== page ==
The dowager duchess shook her head. 'I have not the faintest idea, dear boy, for I have never laid eyes on the child.' Then, seeing the mutinous look in her grandson's eyes, she continued. 'I am certain that she is lovely. Robert Kimberly brought his bride to England on a wedding trip. She was a very pretty girl, as I recall, and he a handsome young man. Their offspring cannot be unpleasing to the eye, dear boy. Just before the Kimberlys departed England, Mistress Kimberly discovered that she was enceinte. Your father and Robert Kimberly drew up a marriage contract between their children then. Of course it was not known if the child Mistress Kimberly was to bear would be a son or a daughter, but it was decided between the two men that Robert's first daughter, whenever she was born, would be your wife. You will see that the girl's name is in your father's hand, and not in the hand of the rest of the document. Two years after the daughter was born, young Mistress Kimberly died in childbirth with a son. Charlotte Kimberly became her father's heiress, for although he eventually remarried, there were no other children of his body. Your parents and sister were drowned shortly afterward, and the entire matter was forgotten until just before your grandfather's death. It was he who reminded me of the marriage contract, and asked that I see you fulfill your obligation. You can really have no strong or reasonable objection, Valerian, as your heart is not engaged elsewhere.'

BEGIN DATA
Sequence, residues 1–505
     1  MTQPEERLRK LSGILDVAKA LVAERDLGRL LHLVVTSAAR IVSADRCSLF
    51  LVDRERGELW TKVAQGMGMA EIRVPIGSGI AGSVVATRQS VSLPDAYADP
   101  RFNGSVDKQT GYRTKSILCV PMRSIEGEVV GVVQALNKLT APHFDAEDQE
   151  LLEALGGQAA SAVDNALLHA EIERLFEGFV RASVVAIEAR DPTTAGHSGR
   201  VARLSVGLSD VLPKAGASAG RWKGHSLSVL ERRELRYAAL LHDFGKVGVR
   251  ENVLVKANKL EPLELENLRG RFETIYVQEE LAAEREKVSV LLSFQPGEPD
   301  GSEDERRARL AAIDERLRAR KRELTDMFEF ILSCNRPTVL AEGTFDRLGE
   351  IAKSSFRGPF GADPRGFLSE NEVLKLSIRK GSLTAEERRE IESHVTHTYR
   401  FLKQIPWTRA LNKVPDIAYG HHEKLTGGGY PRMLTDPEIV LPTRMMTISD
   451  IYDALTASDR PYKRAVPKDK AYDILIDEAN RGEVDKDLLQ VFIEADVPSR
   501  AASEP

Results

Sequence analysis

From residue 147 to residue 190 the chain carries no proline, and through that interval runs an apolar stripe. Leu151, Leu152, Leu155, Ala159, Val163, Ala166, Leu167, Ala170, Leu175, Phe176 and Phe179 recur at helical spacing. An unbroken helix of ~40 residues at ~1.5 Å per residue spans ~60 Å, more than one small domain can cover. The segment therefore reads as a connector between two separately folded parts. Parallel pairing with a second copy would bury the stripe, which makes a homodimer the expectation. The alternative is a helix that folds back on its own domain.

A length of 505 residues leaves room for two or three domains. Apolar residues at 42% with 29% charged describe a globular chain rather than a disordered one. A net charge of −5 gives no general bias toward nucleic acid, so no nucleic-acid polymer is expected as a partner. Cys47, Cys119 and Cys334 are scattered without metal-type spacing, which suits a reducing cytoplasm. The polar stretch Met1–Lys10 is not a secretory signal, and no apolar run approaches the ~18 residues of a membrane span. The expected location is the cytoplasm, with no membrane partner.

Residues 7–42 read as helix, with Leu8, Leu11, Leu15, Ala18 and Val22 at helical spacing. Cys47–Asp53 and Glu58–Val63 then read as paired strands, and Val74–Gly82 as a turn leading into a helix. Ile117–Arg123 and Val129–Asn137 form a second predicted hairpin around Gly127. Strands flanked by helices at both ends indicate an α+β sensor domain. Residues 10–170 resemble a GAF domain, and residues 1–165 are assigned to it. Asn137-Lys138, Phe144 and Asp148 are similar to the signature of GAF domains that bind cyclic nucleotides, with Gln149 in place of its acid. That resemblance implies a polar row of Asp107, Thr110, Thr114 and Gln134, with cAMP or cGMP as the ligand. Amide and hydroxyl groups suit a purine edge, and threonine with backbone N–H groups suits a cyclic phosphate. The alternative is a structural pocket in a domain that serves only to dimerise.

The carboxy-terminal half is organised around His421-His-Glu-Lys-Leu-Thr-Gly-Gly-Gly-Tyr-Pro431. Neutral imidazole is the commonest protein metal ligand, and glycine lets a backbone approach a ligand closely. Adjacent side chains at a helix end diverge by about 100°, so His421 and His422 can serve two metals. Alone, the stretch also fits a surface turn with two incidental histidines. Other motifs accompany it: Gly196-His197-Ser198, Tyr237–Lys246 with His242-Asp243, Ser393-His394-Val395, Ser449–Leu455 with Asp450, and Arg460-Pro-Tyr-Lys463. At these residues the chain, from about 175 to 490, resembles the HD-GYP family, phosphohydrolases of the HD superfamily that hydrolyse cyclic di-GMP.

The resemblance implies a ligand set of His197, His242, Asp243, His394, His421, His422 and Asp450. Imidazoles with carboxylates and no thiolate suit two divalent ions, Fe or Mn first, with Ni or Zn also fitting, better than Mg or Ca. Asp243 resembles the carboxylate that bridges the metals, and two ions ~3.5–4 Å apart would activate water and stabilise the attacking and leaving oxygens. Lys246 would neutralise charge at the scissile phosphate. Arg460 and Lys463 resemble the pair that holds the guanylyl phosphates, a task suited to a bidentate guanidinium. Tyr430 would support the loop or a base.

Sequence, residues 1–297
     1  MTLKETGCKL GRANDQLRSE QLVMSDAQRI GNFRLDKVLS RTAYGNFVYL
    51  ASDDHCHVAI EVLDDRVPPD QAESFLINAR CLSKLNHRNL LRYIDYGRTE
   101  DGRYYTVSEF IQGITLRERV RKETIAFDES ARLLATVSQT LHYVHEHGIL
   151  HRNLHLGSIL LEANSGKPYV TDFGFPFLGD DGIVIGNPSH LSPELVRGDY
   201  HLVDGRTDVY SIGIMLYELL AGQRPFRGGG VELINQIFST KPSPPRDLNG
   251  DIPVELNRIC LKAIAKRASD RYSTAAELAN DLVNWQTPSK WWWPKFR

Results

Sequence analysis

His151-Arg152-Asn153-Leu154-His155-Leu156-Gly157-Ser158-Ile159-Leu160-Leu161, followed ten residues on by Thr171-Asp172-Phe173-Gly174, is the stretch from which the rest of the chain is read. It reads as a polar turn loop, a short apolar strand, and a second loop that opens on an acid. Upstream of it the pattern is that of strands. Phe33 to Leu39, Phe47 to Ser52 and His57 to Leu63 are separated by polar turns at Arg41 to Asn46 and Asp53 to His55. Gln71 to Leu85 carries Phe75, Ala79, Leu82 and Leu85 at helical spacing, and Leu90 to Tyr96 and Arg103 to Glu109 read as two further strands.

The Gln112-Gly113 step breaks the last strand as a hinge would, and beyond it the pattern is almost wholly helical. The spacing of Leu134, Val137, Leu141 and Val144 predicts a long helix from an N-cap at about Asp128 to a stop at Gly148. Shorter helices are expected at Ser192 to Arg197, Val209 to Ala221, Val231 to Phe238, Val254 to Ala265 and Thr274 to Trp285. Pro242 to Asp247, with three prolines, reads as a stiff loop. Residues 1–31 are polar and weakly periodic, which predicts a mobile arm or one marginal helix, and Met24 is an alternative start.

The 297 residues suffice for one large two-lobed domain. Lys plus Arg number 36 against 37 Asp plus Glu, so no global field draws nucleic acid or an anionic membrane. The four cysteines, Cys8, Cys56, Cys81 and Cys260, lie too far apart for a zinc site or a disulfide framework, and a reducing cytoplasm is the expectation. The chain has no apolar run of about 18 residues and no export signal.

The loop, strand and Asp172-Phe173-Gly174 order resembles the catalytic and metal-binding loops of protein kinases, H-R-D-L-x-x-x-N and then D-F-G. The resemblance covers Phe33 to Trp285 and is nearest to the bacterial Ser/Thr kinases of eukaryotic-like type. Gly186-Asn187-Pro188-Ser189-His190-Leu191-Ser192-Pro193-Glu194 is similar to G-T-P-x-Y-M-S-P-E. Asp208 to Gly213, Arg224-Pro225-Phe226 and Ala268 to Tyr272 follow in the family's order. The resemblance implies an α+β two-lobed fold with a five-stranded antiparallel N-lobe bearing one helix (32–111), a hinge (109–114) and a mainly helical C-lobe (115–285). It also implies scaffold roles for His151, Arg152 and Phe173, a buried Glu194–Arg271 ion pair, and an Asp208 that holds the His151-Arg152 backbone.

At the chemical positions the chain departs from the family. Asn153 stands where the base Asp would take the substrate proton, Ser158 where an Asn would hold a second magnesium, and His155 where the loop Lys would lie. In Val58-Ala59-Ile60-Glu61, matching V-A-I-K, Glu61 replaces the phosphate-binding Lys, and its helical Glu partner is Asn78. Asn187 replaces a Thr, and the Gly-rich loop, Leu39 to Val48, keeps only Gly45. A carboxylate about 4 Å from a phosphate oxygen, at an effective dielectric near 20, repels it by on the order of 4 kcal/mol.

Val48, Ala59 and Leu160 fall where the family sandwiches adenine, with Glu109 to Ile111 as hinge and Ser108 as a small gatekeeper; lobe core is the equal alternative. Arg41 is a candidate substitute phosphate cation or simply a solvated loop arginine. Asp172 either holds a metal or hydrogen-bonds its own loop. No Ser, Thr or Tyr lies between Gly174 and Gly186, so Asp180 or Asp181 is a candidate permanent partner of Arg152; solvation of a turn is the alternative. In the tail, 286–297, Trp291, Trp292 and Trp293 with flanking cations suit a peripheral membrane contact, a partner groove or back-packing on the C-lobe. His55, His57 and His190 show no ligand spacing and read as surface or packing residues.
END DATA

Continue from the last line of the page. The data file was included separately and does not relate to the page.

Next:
'No,' he reluctantly admitted. Then he said, 'You mentioned that we might be distantly related, Grandmama. How?'

'As I remember the tale,' the dowager duchess began, 'and I should have to consult the family Bible, dear boy, to be entirely accurate, but this is what I recall. The first Duke of Farminster was created so by King Charles upon his restoration. Your ancestor had grown up with the king, and gone into exile with him. They were bound by their friendship, loyalty, and by the curious coincidence of having the same birth date. The Earl of Farminster, who became the first duke, had a younger brother who remained behind in England to protect the estates, and two younger sisters. These young women were married. The eldest to a Kimberly, and the younger to a Meredith. Both men were royalists who remained in England working for the king's restoration. When it came, your ancestor saw that his brothers-in-law were rewarded. The island of St. Timothy was given to them by the king and they emigrated to become sugar planters. The last Kimberly, Robert, ahhh, now I remember, married the last Meredith, Emily. It is their daughter, the heiress, who will be your wife.'